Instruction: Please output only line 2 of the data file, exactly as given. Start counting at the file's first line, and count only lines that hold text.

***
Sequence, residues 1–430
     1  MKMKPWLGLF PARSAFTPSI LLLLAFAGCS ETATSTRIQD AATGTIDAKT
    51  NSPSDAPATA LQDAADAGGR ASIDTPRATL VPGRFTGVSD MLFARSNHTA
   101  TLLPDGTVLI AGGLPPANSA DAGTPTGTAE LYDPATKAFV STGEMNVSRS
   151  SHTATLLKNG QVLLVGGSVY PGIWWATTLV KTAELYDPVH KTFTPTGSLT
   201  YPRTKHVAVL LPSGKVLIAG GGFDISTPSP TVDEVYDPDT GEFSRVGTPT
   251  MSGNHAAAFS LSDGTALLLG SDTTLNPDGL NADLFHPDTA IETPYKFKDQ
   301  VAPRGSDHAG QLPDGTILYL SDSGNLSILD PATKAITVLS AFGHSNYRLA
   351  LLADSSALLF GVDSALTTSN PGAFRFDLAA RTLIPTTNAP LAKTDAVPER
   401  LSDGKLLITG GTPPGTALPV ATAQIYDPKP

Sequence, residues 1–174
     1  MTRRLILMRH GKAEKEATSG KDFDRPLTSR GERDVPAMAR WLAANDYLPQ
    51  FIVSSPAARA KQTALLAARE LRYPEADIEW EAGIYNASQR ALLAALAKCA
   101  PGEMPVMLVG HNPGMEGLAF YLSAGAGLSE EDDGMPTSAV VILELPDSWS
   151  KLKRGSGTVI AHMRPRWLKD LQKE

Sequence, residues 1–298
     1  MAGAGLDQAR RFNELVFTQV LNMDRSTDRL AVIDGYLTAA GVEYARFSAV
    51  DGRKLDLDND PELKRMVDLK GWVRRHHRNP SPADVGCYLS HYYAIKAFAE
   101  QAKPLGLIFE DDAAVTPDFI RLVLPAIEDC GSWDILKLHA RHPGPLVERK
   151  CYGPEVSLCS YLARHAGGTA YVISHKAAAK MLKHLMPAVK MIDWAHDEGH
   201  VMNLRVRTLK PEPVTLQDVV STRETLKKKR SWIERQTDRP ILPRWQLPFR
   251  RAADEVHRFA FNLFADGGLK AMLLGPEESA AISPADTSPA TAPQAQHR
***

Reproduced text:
     1  MKMKPWLGLF PARSAFTPSI LLLLAFAGCS ETATSTRIQD AATGTIDAKT